If I had a dime for every time I had a non-theistic friend, acquaintance, or student tell me a story about how they were made to feel uncomfortable or discriminated against by a mental health professional because of their non-belief, I would have a giant pile of dimes and would swim in them, Scrooge McDuck-style. The actual quote below is pretty typical.
I actually had a therapist once tell me, “so you’re rightly rejecting your father’s way of treating you, but remember…you have another father.” Yes, she meant Jesus and knew I was a non-believer. After months of therapy w this counselor, I lost complete faith in the field and felt betrayed…. I still blame that woman for making me avoid therapy at a time when I clearly needed it.
I could give example after example, but they break down into this basic form –
- Person is in treatment for something completely unrelated to his/her non-theism.
- Religious therapist finds out about the non-theism.
- Religious therapist blames relational problems, psychological symptoms, and maladaptive behaviors on client’s lack of belief in the therapist’s particular religious viewpoint.
Now, not only is this completely unproductive and damaging to the therapeutic alliance (which is one of the most crucial parts of whether or not someone benefits from therapy), but it is 100% absolutely UNETHICAL. Therapists do not push their own belief systems on others, just as they do not decide to work on goals that they think are best, regardless of the client’s wishes.
Don’t get me wrong: the vast majority of mental health professionals I know are religious, and of those the overwhelming amount would not engage in something like this. While they might engage in discussions about spirituality or religion if broached by the client, they do not attempt to change someone’s religious belief system. Still, it happens often enough in individual therapy that Dr. Darrel Ray (founder of Recovering from Religion, best-selling author, and psychologist) decided enough was enough, and founded the Secular Therapy Project.
The purpose behind this website is simple: to connect those seeking mental health services with therapists (counselors, social workers, psychologists, and so on) who are expressly secular in their psychotherapy. This does not mean that they are non-theistic (although I suspect the majority are), but instead that they do not use religious-based counseling and in contrast rely on “proven, state of the art, therapeutic methods.”
Therapists in our database agree to use secular therapeutic methods only. They promise not to recommend prayer or other supernatural methods. While a therapist may be religious, they promise to keep their spiritual / religious ideas out of the therapeutic relationship.
Despite being active for a fairly short time, almost 80 therapists and 700 clients have already signed up (I’m on the list, because I see a small number of private clients as a clinical psychologist). I would imagine that the numbers will continue to grow, and I personally see this as a highly useful service to the community. Not just the non-theist, science-emphasis community, but the community of people seeking mental health services, since it will help to raise awareness of secular alternatives that are available.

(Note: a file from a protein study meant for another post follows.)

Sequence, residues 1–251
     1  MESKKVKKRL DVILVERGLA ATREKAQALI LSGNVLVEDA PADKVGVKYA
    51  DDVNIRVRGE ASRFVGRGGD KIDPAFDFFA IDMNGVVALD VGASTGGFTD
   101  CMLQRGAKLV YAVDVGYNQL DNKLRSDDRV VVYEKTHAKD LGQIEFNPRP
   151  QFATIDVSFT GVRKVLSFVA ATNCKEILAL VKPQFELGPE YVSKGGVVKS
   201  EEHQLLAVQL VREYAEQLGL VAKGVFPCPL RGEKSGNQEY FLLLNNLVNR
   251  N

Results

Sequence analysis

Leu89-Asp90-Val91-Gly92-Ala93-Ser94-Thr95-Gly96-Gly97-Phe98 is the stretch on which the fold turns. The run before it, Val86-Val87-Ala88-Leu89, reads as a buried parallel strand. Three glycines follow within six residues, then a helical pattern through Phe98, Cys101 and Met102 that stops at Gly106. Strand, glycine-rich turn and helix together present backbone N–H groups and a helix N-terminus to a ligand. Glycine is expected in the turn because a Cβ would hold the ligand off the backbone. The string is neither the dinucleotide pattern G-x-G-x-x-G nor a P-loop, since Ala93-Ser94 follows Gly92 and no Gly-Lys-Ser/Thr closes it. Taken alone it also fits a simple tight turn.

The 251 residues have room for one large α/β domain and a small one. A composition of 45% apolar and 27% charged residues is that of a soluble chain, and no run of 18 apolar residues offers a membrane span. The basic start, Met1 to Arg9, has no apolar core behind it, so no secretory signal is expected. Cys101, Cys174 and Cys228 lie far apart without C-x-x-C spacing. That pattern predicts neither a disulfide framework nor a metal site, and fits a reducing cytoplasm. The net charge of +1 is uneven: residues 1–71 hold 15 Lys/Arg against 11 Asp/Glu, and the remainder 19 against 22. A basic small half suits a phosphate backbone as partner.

While on this topic, I want to point people to another secular resource, this one for those struggling with alcohol or drug use – Secular Organizations for Sobriety (SOS).
Also known as “Save Our Selves” (a bit of a jab at the whole “giving it up to a higher power” attitude found in the religious Insert drug of choice or behavior Anonymous groups), these groups are a way to gain support in beating addictive behaviors and gaining control of your life again. They have increased massively in size and geographic spread over the past few years, with chapters in every state and many foreign countries.
Choosing a therapist?
Since I’m often asked how I recommend choosing a therapist, here it is. The best advice that I can give anyone when choosing a mental health professional is to see someone who practices evidence-based psychology. Stated simply, evidence-based psychology (EBP) is a guiding principle that means a therapist, whether that person is a psychologist, counselor, social worker, or psychiatrist, is guided in the treatment and assessment methods they use by the current best practices as defined by scientific evidence. Unfortunately, many therapists have not been trained in these methods, and instead rely on intuition, what they think has worked well, or what they were trained in – regardless of the evidence or lack thereof for it’s effectiveness. Asking potential therapists what their primary therapuetic orientation is, and how they know the type of therapy they do works, are great ways to find out if therapists use EBP.
My second piece of advice is that you need to be sure that your therapist does not attempt to push his/her own personal values system onto you. While this is both an unethical and inappropriate thing to do, from my own experience with clients I can tell you that a large number of them report this happening, as mentioned above. While this does not mean that you need to find a therapist with your exact religous, political, ethnic, and cultural background, it does mean that your therapist needs to respect what your beliefs and values are and recognize that his/her job as a therapist is not to convert you. If you find yourself in a situation where this is occuring, I would recommend giving the therapist a warning that you are becoming offended by his/her actions. If he/she continues to push an agenda at the expense of your mental health, a report to the state licensing board would be appropriate.